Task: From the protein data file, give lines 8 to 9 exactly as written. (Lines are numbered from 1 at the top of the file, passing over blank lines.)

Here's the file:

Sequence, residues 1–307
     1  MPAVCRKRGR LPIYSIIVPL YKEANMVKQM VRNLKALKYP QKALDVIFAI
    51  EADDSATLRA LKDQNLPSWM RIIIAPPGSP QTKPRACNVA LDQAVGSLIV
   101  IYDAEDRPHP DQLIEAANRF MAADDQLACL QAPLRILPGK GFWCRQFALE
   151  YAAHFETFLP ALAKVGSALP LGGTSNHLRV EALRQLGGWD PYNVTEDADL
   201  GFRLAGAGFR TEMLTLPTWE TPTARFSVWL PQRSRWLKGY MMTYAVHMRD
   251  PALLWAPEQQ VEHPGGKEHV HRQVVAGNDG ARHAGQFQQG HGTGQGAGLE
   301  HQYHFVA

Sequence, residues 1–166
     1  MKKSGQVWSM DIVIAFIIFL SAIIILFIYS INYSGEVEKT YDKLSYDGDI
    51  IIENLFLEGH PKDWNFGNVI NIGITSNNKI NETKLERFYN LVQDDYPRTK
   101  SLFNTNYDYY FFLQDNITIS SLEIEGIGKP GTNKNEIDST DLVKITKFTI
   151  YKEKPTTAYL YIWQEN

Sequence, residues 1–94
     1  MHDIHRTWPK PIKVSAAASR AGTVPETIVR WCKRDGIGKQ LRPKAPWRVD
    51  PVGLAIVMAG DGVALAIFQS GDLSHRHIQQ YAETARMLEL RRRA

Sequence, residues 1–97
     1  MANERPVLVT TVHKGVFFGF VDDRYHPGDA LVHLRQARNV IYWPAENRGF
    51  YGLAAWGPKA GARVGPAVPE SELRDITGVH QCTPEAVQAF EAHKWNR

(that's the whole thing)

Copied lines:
   301  HQYHFVA

Sequence, residues 1–166